macaques and Japanese macaque to rheMac2) to evaluate
sequencing quality (Table S2).
Evaluation and Comparison of Capture Performance
In order to perform unbiased evaluation, we compared the
capture performance and sequencing quality in different species
using equivalent metrics. Low quality reads and sequencing
adaptor reads were filtered. Reads that mapped to the same
chromosomal location and also had the same orientation were
identified as duplicated reads. The one with highest mean quality
score was retained and used in the analysis. The exomes of all 21
individuals were sequenced with a mean depth $28 fold (Table 1)
on the array design target region (TR). Coverage of the TR ranged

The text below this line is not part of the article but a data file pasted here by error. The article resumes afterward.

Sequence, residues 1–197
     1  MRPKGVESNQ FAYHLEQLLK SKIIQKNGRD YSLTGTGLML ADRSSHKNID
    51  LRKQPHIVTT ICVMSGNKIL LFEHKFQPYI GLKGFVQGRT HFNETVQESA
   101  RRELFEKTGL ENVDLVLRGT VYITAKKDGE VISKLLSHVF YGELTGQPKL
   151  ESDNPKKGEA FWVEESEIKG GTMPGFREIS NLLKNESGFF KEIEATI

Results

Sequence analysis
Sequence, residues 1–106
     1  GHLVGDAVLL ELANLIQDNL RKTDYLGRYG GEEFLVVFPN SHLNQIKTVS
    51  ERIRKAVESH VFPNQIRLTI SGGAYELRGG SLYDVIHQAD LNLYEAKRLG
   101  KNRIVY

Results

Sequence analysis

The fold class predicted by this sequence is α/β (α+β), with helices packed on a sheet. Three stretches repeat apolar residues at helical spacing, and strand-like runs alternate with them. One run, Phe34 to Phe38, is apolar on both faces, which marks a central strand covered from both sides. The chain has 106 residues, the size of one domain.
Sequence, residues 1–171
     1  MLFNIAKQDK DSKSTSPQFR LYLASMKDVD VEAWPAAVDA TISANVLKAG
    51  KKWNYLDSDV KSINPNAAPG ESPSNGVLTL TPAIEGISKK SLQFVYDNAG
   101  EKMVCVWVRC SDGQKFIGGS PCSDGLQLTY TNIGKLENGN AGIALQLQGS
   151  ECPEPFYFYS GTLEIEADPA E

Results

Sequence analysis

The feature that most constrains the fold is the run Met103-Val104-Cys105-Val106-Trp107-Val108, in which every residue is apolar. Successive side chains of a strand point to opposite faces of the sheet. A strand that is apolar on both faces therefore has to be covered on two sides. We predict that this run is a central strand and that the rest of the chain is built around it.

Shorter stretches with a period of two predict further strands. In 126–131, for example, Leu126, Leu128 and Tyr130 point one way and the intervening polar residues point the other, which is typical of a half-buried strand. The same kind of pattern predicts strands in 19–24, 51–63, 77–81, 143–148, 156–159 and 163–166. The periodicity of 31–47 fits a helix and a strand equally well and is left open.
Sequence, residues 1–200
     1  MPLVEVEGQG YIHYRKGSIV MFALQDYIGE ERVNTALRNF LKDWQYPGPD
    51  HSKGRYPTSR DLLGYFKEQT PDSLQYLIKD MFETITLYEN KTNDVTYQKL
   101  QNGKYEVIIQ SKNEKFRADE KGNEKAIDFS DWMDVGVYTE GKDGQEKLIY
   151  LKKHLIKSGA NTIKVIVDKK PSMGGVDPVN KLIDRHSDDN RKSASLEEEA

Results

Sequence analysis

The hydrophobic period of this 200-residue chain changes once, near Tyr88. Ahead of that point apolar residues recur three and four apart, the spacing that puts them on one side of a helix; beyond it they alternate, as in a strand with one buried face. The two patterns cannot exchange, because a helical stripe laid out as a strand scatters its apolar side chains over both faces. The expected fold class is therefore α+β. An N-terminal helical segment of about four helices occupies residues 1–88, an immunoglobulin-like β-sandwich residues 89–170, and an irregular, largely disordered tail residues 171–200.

from 91.06% to 97.73%, with 67.59% to 81.33% of the sites in the
TR covered by more than 10 reads. A gene-by-gene coding region
coverage statistic was implemented for both theoretical TR and by
actual sequence data. The theoretical analysis found that 83.68%
(15559/18594) of CCDS genes’ coding regions should have $90%
covered by TR (Table 2). The recovered sequence data showed
that 80.40%–80.65% of the genes were covered by $90% of
sequence reads for humans and chimpanzees, and by 77.76% for
macaques (Figure 1). Since coverage of chimpanzee CCDS was
nearly equivalent to that of humans, we primarily focused on the
macaques for our additional analysis. When mapping to the closest
reference genome, the mapping rate was $84% in all 21
individuals, indicating a high quality sequencing data.
To further consider the exon sequence recovery, we used
pairwise blastz alignment result of hg19/rheMac2 (download from
UCSC genome browser) to evaluate the orthologous level between
human and rhesus macaque in the TR. Evaluating a fragment